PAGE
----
(including the first launched by the United States on January 31, 1958) have been placed
in orbit. Earth satellites, not to be confused with rockets or missiles, are usually
spherical. They spin about the earth beyond its atmosphere in an elliptical course dictated
by the earth's gravity. Of a life limited to a few years, their size varies anywhere
from a few pounds to several tons. Their scientific value lies chiefly in the instruments
A Russian earth satellite, for example, was recently launched to travel around the
moon first, send back photographs of the moon's dark side, never seen before by man,
and thence to return to its course around the earth. Some of the early satellites bore
instruments which reported a belt of radiation in the outer atmosphere, the dangers from
which might render flight in outer space by mankind impossible. Others, like America's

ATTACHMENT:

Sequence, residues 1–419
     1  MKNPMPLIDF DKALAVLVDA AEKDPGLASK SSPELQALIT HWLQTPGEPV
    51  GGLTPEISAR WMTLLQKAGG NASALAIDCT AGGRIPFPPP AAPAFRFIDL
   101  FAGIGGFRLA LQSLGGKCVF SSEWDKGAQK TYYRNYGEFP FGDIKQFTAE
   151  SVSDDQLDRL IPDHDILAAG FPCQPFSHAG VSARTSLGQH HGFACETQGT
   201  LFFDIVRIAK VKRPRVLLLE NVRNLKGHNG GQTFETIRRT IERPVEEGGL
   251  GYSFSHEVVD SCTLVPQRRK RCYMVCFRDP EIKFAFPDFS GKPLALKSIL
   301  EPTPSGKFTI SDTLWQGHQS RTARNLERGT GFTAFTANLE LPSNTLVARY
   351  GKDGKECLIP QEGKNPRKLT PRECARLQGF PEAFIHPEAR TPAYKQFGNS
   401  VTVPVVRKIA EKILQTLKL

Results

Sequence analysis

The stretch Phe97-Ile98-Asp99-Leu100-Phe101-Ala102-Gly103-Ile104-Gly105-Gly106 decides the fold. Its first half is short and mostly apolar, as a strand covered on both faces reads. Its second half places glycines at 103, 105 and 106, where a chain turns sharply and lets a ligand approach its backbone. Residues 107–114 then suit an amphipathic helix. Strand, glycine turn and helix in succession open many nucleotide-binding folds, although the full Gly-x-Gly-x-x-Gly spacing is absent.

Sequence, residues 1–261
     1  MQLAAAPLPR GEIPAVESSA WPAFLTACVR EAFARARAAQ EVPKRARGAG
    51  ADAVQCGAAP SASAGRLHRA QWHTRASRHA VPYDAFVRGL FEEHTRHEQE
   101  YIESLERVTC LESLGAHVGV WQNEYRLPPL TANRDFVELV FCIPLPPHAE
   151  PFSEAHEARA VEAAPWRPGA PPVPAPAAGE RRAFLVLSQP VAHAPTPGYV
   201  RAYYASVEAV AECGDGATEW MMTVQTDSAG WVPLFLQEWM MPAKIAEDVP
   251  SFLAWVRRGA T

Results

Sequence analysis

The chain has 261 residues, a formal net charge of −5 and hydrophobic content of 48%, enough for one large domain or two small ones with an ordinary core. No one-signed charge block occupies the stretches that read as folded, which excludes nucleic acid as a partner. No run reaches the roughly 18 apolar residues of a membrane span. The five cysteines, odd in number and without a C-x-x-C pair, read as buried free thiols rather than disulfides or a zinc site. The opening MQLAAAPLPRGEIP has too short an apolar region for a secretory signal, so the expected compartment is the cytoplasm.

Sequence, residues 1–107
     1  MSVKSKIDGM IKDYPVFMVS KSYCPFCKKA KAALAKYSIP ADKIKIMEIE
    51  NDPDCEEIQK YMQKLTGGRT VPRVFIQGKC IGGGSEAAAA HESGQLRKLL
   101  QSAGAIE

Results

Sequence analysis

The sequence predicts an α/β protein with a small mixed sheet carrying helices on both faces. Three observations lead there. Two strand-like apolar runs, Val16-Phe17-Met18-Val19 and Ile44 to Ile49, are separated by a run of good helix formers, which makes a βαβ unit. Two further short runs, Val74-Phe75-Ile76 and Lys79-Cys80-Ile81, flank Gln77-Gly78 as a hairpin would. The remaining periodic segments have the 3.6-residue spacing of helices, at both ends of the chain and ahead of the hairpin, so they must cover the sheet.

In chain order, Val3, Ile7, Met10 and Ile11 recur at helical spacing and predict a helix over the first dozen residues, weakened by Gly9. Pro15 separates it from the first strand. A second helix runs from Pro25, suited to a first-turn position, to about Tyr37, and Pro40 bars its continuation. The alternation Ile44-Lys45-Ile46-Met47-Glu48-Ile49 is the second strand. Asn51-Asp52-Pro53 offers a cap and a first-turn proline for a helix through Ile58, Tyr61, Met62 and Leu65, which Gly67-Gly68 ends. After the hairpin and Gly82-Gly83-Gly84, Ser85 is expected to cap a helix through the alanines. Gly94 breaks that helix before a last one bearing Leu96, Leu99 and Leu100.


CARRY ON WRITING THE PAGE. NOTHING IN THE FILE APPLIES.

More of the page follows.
so-called weather satellites, are reporting back photographs of cloud formations over
the surface of the earth. Still others are instrumental, or will be, for discoveries
relating to photography, solar batteries, television, telescopes, satellite recovery,
radio relays, manned flights, air density, current rings, solar rays, cosmic rays, micrometeorites,
and the density of hydrogen and ion.
It is not likely that until some years of study as well as application have elapsed
that mankind will enjoy any real practical satellitical benefits. Photographs taken of
the earth from the distance satellites must, to remain in orbit, be away have not revealed
much of anything smaller than oceans and continents. At some point or other, of course,
their cost (ten million or more for each) may be viewed in relationship to value received;
that is, for a billion dollars, Mr. Taypayer, do you want 100 satellites? But for now,
at least, expect more and better satellites - and never you mind the cost. Mr. Hope,
you are a rich man - you tell us about these things?
IV. The Moon was visited by a rocket from the earth on September 13, 1959, Eastern
Daylight Saving Time. It weighed 860 pounds, traveled 236,160 miles to get there, and
marked mankind's first successful landing of an object from this earth on a celestial
body. Such an accomplishment, bracketed as it is with satellitical developments, gives
pause to the fascinating study of almost everything in space travel. In this, the most